Rakhine Violence Spreads

The number of torched homes doubles as new violence rages in Burma’s Rakhine state.

rohingya-teknaf-305 A group of Rohingya refugees fleeing violence in Burma's Rakhine state attempt to cross the Naf river into Bangladesh, June 13, 2012.

Updated at 5:05 p.m. EST on 2012-10-25

More than 600 homes have been destroyed by fire in western Burma’s Rakhine state as violence between Rohingya Muslims and Rakhine Buddhists spread to six villages, authorities said Tuesday.

Rakhine state attorney general Hla Thein said the death toll in the clashes which began Sunday remained at three, but that 660 straw thatched roof houses had been torched, up from around 300 on Monday.

“A total of 660 houses were burned down. We don't know yet how many houses were ‘Bengali’ and how many were Rakhine,” Hla Thein told RFA’s Burmese service, using the local term for Muslim Rohingya residents who are regarded as immigrants from Bangladesh even though they have long lived in Burma.

“Because some villages have mixed populations of Bengalis and Rakhine, Rakhine houses were also burnt,” he said.

On Monday, the government said three people had been killed in the violence—one Rakhine male and two Muslim females.

Hla Thein said the violence had spread within Rakhine state capital Sittwe’s Mrauk U and Minbya townships to include a total of six villages.

They are Thayet Oak, Paik The, San Bali and Aung Dine villages in Mrauk U township, and Parein Gone and Yaing The village in Minbya township.

A local source, who spoke on condition of anonymity, said clashes also occurred in the Rakhine port city of Kyauk Phyu—located about 105 kilometers (65 miles) southeast of Sittwe—where security forces were out in large numbers after a local mosque was set alight.

A state of emergency, which had been established in Mrauk U and Minbya townships on Monday, remained in effect Tuesday but had not been extended to other areas, Hla Tun said. Officials have been ordered to call in the military if the unrest escalates.

Neither Burmese President Thein Sein’s office nor the central government had issued a statement about the first major violence between Muslims and Buddhists since deadly clashes rocked Rakhine state in June.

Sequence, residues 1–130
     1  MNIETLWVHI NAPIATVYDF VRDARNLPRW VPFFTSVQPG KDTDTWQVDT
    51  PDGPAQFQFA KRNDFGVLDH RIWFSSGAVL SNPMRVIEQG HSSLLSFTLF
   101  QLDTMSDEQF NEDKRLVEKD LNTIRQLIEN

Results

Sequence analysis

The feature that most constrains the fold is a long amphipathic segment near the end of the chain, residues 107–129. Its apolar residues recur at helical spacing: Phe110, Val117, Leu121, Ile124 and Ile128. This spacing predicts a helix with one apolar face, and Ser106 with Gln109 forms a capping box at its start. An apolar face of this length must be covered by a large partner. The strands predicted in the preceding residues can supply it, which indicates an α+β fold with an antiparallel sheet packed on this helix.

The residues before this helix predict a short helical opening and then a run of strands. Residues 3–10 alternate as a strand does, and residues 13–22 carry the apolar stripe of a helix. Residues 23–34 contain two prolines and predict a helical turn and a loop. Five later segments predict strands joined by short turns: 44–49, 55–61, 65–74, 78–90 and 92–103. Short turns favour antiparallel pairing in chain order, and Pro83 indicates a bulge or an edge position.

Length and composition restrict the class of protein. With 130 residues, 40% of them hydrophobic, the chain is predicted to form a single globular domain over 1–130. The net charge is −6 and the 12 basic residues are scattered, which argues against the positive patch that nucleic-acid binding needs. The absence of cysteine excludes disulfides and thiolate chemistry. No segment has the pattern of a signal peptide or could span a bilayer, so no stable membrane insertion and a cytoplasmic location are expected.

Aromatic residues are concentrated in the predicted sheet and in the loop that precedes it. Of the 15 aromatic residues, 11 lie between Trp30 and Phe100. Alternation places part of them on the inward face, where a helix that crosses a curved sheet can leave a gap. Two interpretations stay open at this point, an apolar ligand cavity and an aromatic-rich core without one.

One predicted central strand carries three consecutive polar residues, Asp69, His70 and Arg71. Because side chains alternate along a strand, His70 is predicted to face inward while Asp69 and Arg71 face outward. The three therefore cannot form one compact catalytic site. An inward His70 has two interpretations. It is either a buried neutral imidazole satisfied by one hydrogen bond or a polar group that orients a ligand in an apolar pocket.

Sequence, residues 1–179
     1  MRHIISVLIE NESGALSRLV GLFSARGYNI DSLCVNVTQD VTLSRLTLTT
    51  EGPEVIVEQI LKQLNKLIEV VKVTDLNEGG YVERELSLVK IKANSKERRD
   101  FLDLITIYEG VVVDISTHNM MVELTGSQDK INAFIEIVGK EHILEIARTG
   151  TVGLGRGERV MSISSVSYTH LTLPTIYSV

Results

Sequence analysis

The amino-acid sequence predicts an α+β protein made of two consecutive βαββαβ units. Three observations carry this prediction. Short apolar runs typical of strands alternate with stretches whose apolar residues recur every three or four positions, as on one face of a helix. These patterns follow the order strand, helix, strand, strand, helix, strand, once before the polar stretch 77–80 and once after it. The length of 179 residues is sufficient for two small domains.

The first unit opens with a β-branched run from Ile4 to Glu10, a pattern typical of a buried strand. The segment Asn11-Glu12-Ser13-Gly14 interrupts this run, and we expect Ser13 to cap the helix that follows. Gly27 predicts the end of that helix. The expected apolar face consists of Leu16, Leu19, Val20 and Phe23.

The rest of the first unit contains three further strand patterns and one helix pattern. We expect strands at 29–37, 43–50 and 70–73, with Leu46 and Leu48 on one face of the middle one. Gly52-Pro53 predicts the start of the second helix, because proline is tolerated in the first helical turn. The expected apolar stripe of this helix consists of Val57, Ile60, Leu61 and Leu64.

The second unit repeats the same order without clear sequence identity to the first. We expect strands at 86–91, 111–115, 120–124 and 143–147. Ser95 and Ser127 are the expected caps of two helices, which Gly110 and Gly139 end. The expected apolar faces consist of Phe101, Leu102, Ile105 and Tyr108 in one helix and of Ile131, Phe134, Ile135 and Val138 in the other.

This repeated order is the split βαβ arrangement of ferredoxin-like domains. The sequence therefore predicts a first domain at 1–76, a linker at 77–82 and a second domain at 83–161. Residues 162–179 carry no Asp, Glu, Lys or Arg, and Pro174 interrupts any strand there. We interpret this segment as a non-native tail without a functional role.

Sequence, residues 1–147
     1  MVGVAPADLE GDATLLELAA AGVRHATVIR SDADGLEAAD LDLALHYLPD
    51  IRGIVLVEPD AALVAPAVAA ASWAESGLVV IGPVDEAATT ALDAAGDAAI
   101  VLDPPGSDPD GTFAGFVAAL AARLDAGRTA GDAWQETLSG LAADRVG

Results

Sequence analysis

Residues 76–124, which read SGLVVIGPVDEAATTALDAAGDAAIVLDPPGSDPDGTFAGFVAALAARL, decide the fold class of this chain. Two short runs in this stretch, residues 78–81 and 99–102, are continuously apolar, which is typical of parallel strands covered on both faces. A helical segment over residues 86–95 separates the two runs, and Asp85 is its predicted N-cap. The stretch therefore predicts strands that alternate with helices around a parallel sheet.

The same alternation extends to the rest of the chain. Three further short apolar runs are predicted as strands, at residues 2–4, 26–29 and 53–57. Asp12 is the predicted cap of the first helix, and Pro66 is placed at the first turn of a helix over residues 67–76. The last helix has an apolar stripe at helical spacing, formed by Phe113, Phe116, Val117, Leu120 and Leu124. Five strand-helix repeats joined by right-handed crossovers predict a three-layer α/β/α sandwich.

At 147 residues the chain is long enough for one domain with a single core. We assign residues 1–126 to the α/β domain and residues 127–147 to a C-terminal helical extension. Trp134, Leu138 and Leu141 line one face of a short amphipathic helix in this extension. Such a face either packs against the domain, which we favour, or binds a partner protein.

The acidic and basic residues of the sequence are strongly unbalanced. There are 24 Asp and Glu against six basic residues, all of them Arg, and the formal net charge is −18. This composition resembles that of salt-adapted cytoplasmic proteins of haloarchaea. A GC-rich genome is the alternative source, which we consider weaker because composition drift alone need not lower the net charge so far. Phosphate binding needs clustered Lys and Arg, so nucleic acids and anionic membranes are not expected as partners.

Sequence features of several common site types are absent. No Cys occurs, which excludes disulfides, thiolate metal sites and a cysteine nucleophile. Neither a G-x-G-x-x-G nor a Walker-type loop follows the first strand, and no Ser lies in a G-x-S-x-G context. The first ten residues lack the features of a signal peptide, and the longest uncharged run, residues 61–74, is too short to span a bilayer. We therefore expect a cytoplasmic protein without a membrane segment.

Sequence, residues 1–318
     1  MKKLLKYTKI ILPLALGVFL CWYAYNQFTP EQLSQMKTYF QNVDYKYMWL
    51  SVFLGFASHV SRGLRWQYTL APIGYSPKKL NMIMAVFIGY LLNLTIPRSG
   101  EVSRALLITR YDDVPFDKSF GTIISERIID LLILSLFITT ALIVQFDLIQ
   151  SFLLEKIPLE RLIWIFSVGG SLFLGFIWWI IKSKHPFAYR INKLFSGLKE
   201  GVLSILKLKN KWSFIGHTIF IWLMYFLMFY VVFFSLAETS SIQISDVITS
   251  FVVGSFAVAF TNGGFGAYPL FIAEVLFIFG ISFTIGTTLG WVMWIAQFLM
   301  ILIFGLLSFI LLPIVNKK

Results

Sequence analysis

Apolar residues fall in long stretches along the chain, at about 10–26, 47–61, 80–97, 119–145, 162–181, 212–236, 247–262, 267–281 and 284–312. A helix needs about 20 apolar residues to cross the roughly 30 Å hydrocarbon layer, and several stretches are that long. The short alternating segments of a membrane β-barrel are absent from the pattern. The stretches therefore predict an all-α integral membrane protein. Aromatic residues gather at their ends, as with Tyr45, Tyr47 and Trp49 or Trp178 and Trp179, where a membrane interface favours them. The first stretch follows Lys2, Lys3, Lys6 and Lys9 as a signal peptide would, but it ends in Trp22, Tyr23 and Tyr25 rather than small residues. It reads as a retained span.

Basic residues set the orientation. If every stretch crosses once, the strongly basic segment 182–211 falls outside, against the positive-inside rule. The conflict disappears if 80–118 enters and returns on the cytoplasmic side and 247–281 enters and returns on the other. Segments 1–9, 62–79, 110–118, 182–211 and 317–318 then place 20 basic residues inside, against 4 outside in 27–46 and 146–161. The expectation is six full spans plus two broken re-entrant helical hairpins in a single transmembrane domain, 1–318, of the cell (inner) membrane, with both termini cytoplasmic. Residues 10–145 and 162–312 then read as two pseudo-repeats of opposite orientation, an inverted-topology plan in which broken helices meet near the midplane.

International rights groups have said Rohingyas bore the brunt of the June violence, which left more than 80 dead and tens of thousands displaced.

Minbya and Mrauk U townships were among those spared curfews during the Rakhine-wide state of emergency that was declared in June.

Fresh violence

Authorities said two ministers from Rakhine state were sent to the affected areas on Monday to meet with security officials and the local public in a bid to control the situation.

The fresh clashes in Rakhine followed weeks of demonstrations against Muslim countries wanting to provide humanitarian assistance to the Rohingya in the wake of the summer violence.

The 57-member Organization of Islamic Cooperation (OIC) wants to open an office in Rakhine state in a bid to provide aid to Rohingyas reeling from the violence.

Thousands of Buddhist monks and laypeople have demonstrated against the OIC in cities across the country.

But at a press conference on Sunday, Burmese President Thein Sein that the country has no choice but to welcome aid for the Rohingya, or else it will face an international backlash.

Rakhines form the majority in Rakhine state, which is also home to some 800,000 Rohingyas.

The U.N. has called the Rohingya a stateless people and one of the most persecuted groups in the world.

Reported by RFA’s Burmese service. Translated by Win Naing. Written in English by Joshua Lipes.

CORRECTION: An earlier version of this story quoted Hla Tun, a spokesman for the Rakhine state government’s information department, who confirmed the death toll in the clashes. The source was Hla Thein, Rakhine state attorney general.


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